Obama echoes our privacy concerns, saying legislation must "(1) carefully safeguard privacy and civil liberties; (2) preserve the long-standing, respective roles and missions of civilian and intelligence agencies".
Demand Progress members have sent more than 150,000 emails to policy makers in opposition to CISPA this year -- and it's starting to work.
But voting in the House of Representatives is still set to start tomorrow.
In anticipation of a full House vote in the House THIS WEEK, industry giant IBM has sent nearly 200 senior execs to Washington to lobby in support of CISPA.
And their intentions couldn't be more clear. CISPA would empower them to share your private data with the military without a warrant -- and they wouldn't hesitate to do so.
Chris Padilla, IBM's VP of governmental affairs told TheHill.com that IBM and other corporations "should be able to work directly and share information directly" with the National Security Agency "because that's where the expertise is."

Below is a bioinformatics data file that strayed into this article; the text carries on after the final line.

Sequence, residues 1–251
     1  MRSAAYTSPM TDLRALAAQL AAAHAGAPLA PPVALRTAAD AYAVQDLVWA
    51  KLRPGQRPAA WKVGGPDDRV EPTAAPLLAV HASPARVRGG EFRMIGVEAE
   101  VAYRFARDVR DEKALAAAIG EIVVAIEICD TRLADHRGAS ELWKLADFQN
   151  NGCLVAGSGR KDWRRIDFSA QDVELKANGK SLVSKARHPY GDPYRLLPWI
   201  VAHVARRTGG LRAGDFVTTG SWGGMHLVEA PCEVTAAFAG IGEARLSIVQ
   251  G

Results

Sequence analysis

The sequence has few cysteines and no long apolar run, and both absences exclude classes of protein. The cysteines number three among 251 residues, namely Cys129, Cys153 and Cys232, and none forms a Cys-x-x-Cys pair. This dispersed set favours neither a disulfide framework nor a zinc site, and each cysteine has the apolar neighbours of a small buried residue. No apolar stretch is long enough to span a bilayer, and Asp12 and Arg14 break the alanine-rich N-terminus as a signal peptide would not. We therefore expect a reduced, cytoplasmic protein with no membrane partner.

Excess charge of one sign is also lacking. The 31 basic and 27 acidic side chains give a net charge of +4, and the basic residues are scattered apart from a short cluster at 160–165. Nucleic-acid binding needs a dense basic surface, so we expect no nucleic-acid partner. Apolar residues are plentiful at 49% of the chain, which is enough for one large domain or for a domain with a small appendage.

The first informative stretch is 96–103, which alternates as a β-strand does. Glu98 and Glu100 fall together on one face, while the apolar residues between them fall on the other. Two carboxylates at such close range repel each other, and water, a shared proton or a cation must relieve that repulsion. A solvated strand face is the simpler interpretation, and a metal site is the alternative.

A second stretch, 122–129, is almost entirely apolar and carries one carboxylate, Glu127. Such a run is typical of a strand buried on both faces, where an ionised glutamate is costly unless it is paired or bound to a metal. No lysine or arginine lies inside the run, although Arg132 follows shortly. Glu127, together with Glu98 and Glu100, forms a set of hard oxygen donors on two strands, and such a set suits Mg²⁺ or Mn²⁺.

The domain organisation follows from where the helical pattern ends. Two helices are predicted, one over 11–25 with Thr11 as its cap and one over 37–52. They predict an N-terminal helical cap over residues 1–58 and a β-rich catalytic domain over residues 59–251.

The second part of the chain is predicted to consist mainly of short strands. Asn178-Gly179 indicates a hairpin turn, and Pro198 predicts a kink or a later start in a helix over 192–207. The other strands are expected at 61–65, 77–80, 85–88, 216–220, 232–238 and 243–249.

Despite an outpouring of opposition from the ACLU, Electronic Frontier Foundation, and over 100,000 Demand Progress members, the House Intelligence committee has voted to approve CISPA--a cyber-security bill that would give companies unprecedented power to share your private information with the government, including the intelligence agencies like the NSA, without a warrant.
Now the bill moves to the House for a full vote on Wednesday. We need to reiterate our opposition to this dangerous legislation loud and clear.
Our collective efforts stopped CISPA from becoming law last year, and we can do it again. But we must be vigilant and keep putting our representatives on notice.
Now, as before, we cannot sacrifice our hard-won liberties and privacy rights in the pursuit of a misguided and over-broad conception of "security."